A huge chunk of the film is taken up by footage of parades and celebrations, presumably in the streets of Port Au Prince, but never officially identified. At one point Win Butler talks about it being Carnival and trying to explain why it’s so great, so probably most of the footage comes from that. This footage is interspersed with studio bits, fans waiting in line, and occasionally roiling storm clouds moving across the sky.
In The Reflektor Tapes final third or so, Joseph throws in much more coherent performance snippets that start to give an impression of what seeing the band live is like and even gets a little into what it might feel like to be onstage. It’s a nice loosening up, but then the final five minutes of the film is devoted to yet more parade and parade preparation. It’s festive and odd and sometimes depressing, and it’s set to a performance of downbeat Reflektor b-side “Crucified Again.”
The whole film is only about 66 minutes long, but it feels like three hours. It’s an enervating experience and the rare moments of insight and band performance don’t make up for the pretentious nonsense surrounding it. Live at Earl’s Court, on the other hand, is just under two hours long but breezes by and captures what makes Arcade Fire such a dynamic live band.
The 20-song setlist is heavy on both Reflektor and Funeral tracks, with eight and six, respectively. As frustrating and inconsistent as the Reflektor album was, the eight songs here comprise more or less the best of the record, and most of the band’s other big songs show up as well (unless, like me, you’re a huge fan of Neon Bible. Having that album represented only by “No Cars Go” and “My Body is a Cage” may leave you with some setlist complaints). The performance is extremely well shot, keeping the focus on the band in bright and vivid color. The occasional crowd shots and brief shifts to black and white serve as nice accents to the footage but never overwhelm the performance itself.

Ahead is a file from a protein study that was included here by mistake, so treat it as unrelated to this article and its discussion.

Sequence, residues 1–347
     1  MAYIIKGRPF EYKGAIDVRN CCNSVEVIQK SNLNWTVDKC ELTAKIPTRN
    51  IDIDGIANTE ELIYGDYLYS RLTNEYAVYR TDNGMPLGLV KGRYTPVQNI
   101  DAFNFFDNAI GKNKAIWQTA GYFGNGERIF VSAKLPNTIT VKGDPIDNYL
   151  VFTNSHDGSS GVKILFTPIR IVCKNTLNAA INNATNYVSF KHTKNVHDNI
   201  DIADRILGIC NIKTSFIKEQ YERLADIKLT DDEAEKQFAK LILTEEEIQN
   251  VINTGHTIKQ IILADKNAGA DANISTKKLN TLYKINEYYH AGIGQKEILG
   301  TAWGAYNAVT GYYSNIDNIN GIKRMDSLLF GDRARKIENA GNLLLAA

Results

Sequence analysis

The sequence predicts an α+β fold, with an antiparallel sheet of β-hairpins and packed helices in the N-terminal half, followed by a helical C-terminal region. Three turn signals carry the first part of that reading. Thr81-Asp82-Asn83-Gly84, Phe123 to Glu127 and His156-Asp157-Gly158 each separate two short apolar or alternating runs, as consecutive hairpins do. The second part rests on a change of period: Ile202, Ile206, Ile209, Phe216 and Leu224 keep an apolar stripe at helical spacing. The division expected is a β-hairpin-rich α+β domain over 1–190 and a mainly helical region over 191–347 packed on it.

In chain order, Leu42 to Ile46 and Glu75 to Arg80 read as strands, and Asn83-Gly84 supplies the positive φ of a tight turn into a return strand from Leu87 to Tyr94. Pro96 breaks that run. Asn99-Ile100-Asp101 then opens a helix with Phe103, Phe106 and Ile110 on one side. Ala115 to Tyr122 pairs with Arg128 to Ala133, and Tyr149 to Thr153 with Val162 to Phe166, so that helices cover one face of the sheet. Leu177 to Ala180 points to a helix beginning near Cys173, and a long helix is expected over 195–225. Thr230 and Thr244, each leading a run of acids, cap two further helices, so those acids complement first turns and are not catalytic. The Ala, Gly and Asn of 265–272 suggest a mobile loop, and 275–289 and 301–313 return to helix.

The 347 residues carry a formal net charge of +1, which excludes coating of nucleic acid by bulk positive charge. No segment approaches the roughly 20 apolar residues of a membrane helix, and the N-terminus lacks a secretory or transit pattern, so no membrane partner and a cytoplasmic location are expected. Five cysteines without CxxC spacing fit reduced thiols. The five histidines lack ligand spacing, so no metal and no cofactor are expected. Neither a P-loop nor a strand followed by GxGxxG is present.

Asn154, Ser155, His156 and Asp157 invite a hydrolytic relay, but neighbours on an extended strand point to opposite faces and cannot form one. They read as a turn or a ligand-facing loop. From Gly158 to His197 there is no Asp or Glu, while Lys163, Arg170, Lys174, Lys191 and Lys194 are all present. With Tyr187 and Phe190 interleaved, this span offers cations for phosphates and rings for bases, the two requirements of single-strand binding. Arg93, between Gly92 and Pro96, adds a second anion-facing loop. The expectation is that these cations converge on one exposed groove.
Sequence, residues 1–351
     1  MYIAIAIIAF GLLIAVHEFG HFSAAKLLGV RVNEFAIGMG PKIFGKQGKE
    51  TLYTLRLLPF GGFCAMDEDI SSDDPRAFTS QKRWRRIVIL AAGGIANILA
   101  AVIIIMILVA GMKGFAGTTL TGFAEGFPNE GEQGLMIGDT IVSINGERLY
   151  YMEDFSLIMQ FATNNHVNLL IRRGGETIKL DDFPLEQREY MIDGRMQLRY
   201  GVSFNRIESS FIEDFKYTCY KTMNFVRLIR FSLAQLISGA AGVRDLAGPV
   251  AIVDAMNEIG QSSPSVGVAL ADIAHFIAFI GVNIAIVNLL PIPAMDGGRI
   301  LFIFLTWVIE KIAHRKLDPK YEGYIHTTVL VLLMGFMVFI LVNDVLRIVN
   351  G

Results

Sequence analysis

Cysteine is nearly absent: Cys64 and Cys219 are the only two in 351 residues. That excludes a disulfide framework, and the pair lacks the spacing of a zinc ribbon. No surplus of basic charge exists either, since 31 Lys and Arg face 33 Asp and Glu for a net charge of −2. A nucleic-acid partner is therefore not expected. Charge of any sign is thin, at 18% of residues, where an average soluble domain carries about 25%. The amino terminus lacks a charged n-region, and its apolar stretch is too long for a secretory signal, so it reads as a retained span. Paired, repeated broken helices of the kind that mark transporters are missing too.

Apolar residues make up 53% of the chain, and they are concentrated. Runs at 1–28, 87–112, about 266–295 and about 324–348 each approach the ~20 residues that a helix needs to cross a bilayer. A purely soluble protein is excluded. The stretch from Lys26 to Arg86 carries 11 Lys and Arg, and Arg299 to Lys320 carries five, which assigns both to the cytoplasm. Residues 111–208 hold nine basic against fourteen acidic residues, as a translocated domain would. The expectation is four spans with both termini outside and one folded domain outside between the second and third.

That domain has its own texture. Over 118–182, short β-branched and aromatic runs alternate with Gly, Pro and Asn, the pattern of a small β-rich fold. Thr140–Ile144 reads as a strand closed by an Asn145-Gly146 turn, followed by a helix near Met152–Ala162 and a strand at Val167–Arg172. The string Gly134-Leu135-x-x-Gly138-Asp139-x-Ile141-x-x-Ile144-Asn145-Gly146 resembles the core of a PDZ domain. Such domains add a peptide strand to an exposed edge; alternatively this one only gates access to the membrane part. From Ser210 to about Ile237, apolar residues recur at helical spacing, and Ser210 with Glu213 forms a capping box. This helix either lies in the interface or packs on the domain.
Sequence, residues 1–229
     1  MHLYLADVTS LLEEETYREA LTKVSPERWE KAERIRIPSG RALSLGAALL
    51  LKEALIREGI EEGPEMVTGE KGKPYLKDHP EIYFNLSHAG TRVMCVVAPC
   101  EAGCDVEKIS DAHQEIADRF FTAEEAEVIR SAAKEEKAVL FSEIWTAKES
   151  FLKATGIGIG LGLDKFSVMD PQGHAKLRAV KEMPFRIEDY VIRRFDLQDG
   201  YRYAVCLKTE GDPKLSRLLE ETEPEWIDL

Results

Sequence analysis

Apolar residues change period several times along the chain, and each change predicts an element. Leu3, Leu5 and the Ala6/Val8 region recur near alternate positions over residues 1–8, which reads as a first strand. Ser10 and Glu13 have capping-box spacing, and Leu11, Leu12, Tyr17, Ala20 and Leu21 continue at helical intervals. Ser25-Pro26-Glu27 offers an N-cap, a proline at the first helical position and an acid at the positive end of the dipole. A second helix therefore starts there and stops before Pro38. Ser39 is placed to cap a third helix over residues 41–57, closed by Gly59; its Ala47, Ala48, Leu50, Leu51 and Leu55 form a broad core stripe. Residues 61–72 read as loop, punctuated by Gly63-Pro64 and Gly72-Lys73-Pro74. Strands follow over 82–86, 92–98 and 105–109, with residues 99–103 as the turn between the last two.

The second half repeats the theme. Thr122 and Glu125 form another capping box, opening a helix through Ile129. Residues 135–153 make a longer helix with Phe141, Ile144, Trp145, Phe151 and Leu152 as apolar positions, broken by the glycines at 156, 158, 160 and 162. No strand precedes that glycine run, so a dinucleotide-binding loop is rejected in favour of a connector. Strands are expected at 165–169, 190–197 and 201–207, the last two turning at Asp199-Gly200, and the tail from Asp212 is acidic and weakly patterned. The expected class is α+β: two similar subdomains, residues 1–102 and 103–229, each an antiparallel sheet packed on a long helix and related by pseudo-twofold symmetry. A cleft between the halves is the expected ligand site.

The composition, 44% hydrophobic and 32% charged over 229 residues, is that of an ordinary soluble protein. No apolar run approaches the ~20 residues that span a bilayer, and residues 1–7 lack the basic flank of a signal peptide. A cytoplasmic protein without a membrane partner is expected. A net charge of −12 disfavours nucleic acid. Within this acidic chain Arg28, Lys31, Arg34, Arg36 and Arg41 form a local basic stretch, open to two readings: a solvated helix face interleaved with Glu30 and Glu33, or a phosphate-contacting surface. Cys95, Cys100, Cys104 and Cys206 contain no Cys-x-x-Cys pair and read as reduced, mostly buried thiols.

From start to finish Live At Earl’s Court shows the dozen members of Arcade Fire playing hard and having a good time and the audience giving that energy right back to them. Seeing Will Butler pound that drum into the ground at the end of “Rebellion (Lies)” is so much more effective in this context with the actual audio than in the other film. Watching Will again working his ass off, this time playing the glockenspiel part in “Power Out”, is another reminder of why the younger Butler brother is the band’s secret weapon in their live shows. But the whole band is on point for this performance and the film is well worth watching for any Arcade Fire fan.
Live at Earl’s Court is reason enough to purchase The Reflektor Tapes. This is a high-quality concert movie from Arcade Fire and it’s well worth picking up on Blu-Ray for that reason. The Reflektor Tapes itself, on the other hand, is not a worthwhile behind the scenes look at the making of Reflektor and I can’t recommend it. Since it’s a package deal, though, what I’ll recommend is just watching the concert performance and leaving the documentary film in the Blu-Ray case untouched.